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Lattes Made 2 Lactose-Intolerant Friends Create Vegan Milk That’s Raised Rs 1 Cr

Akash and Rishabh, Co Founders of OatMlk

Akash Wadhwani and Rishabh Gupta founded vegan milk startup called OatMlk. Here’s the story of how they found each other and built a solution to their problem.

One evening at the Black Sheep Coffee at King’s Cross, London, two friends, Akash Wadhwani and Rishabh Gupta—both in their mid-twenties from Kanpur—were having one of their usual catchups over coffee.

It was only when they both simultaneously placed orders for oat milk lattes that they realised the other was lactose intolerant too. The duo had been friends since school and had bonded over their love for video games. But now, along with a shared hobby they also shared a common problem that would in time transform into a business idea.

Back in 2020, Akash was a data analyst at Rolls Royce while Rishabh was a manager at Barclays. Following the incident at the cafe, at their future catchups, they took their conversation of lactose intolerance forward and it hit them that while the UK had plenty of options for dairy, India did not.

Akash and Rishabh, Co Founders of OatMlk
Akash and Rishabh, co-founders of OatMlk

“Soon, our discussions took shape and instead of wondering why no one was exploring more options for dairy, we decided to do something about it ourselves,” says Akash to The Better India over a call.

And so in 2020, the duo made up their minds that if they wanted to bring in a change they needed to have a solid plan backed by science.

Building a brand by bridging the gaps

Akash began studying the market in UK and India to judge how receptive the audience was to oat milk. His findings suggested a contrasting difference in attitudes.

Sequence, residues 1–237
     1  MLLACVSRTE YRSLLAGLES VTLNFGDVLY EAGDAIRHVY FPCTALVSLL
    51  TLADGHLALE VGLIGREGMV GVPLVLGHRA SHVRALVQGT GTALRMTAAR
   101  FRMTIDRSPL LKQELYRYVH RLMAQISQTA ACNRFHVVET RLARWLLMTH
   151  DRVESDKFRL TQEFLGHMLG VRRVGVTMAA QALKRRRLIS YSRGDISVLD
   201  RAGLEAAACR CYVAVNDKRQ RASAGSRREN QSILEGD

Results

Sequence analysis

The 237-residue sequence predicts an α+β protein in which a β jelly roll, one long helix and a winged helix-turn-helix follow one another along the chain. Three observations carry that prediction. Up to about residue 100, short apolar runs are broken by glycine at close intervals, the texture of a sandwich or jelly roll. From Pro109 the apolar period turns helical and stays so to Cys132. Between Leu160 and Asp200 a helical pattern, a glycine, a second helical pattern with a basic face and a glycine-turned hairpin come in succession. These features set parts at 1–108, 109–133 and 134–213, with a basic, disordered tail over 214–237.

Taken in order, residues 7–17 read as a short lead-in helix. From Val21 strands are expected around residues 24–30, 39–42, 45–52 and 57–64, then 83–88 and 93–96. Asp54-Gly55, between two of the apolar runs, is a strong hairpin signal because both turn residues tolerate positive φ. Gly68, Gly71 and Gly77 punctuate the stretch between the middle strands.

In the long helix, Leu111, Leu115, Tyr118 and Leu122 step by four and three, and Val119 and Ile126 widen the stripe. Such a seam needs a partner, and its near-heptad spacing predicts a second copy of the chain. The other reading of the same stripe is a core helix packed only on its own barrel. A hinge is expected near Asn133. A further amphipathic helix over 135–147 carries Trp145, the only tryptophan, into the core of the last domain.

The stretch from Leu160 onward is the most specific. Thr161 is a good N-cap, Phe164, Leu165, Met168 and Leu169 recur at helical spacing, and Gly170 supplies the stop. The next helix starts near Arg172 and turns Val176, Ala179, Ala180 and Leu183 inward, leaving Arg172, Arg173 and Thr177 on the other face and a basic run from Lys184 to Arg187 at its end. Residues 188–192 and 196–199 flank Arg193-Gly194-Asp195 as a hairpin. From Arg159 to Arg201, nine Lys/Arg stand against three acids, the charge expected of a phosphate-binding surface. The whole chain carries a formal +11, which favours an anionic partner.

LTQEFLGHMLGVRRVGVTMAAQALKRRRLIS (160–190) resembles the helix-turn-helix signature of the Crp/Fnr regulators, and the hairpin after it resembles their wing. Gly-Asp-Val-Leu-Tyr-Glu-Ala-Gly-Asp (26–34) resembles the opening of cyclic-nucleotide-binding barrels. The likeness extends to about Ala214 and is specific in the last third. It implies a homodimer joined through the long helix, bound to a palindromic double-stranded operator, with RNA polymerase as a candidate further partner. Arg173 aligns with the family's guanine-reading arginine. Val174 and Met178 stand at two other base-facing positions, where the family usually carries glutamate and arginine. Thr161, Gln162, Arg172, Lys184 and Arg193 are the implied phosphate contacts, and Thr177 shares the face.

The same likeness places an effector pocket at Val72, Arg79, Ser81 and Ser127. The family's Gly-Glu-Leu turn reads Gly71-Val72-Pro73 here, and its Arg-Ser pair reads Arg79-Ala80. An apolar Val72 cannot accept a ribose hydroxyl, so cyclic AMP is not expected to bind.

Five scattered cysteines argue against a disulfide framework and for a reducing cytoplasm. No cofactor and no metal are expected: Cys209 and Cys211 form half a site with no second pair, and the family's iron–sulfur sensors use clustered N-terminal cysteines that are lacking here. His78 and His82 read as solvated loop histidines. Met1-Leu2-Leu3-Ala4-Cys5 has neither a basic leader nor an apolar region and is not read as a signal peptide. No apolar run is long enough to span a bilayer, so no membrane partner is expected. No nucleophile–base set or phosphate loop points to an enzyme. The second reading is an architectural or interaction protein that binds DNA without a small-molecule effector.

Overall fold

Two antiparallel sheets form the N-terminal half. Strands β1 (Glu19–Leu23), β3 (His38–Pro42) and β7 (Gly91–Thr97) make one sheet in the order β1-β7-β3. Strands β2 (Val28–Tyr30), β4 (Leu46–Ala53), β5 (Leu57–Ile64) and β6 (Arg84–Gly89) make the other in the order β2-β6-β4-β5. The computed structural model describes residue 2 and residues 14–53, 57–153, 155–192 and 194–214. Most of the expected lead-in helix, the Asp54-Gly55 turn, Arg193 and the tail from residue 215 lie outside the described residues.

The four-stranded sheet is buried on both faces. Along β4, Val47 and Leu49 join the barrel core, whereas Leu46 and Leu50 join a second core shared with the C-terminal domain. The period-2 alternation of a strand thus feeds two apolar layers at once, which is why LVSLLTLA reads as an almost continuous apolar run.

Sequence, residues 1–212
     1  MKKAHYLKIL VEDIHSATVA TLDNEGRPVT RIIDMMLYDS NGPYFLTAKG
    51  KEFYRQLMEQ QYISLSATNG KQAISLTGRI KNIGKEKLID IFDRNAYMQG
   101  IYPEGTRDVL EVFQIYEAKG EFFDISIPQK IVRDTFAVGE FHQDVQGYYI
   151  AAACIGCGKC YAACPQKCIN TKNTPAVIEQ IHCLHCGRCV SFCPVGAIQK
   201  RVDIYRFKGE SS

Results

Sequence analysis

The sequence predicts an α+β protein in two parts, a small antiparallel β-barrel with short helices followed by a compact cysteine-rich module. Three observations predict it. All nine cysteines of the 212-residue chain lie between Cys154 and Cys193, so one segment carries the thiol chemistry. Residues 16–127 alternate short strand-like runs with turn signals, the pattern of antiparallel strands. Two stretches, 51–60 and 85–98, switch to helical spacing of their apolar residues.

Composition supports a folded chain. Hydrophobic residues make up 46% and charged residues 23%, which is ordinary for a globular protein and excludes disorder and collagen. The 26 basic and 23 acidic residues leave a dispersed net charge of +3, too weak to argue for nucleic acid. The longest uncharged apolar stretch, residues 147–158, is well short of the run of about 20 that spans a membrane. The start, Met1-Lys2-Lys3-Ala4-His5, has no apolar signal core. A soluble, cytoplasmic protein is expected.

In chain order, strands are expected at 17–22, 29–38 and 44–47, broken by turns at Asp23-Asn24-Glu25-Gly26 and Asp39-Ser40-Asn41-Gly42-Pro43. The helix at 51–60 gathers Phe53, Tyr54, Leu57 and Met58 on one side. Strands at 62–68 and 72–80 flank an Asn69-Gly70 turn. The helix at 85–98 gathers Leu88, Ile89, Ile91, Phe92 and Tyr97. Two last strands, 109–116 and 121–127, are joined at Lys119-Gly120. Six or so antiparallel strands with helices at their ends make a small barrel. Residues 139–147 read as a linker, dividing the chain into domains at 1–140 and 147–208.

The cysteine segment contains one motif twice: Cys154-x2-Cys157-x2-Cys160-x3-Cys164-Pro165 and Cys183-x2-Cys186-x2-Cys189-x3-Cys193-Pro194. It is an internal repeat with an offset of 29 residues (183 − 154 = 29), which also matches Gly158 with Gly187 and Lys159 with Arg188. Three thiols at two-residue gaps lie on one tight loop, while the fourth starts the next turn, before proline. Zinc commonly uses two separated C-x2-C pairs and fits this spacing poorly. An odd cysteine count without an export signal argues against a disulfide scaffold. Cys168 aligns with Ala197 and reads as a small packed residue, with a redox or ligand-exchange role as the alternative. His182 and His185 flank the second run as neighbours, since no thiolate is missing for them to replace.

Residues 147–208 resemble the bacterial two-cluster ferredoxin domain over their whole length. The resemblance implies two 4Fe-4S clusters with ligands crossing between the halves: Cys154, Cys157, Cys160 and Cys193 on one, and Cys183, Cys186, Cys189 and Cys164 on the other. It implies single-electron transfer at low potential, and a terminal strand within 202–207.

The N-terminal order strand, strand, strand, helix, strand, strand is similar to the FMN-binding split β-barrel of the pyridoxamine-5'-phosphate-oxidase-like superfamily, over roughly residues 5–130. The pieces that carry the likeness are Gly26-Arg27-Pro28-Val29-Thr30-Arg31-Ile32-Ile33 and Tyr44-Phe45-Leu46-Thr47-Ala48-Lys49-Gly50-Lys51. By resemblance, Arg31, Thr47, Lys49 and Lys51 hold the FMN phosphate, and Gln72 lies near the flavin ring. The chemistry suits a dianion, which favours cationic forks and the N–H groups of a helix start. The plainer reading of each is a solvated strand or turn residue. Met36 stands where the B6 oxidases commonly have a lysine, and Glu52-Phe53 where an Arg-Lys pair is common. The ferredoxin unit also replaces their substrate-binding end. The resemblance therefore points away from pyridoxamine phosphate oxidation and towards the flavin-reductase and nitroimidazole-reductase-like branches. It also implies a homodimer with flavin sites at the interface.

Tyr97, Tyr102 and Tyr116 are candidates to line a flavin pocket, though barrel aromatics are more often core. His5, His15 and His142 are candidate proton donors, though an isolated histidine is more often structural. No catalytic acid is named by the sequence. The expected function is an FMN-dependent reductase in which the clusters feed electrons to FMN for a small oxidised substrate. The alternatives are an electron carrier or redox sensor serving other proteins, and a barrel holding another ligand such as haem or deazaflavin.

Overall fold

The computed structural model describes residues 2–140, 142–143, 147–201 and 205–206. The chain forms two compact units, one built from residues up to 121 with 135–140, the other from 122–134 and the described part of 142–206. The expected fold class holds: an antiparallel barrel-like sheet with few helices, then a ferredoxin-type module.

“Oat milk had taken the UK by storm, as our market research showed, but India was still in the early stages and there were only a couple brands that had ventured into the space,” he says.

However, leaving their lucrative jobs and building a brand in India which people may or may not have accepted seemed a huge risk at the time. So, the duo thought of doing the next best thing — importing the product into India, but the plan was stymied due to the high charges.

“It would cost us around Rs 500 for a litre and this was too much,” says Akash.

So they decided to take it upon themselves and build a venture of their own. “We were alien to the concept of making oat milk and building a brand,” says Rishabh. “We would often resort to Google searches in the initial stages to see how it was done.”

When life closes one door, there’s usually another that opens and likewise in this case, Akash and Rishabh found their window of opportunity.

They came across a Reddit post which led them to a person from the US who had done her Master’s in Food Science and was majoring in oat research.

“We got in touch with her and hired her on a contractual basis to know the nuances of the product and how to produce oat milk,” says Rishabh.

Armed with the belief that things would be fine this time, the duo quit their jobs in 2020 and returned to their hometown Kanpur.

Here, they started with experiments in Rishabh’s kitchen. “Having started with a vessel and a blender, we soon brought in some more industrial standard equipment to perfect our process,” says Rishabh. Three months and 162 experiments later the duo was ready to do their alpha testing with consumers and begin their commercial trials. But then, there was another crisis.

When all seemed great, the country locked down

The COVID pandemic hit India.

“It was a real ordeal to build a business during a nationwide lockdown,” recounts Akash. “There was the pressure of finding manufacturers, good quality oats, transportation, and to add to this we were working on something so new to the people here.” But they were not fazed.

True to their goal, they decided they didn’t want to compromise on anything and worked hard to acquire FSSAI certifications.

In November 2021, OatMlk saw the light of day in Kanpur.

a bottle of vegan oat milk
OatMlk’s product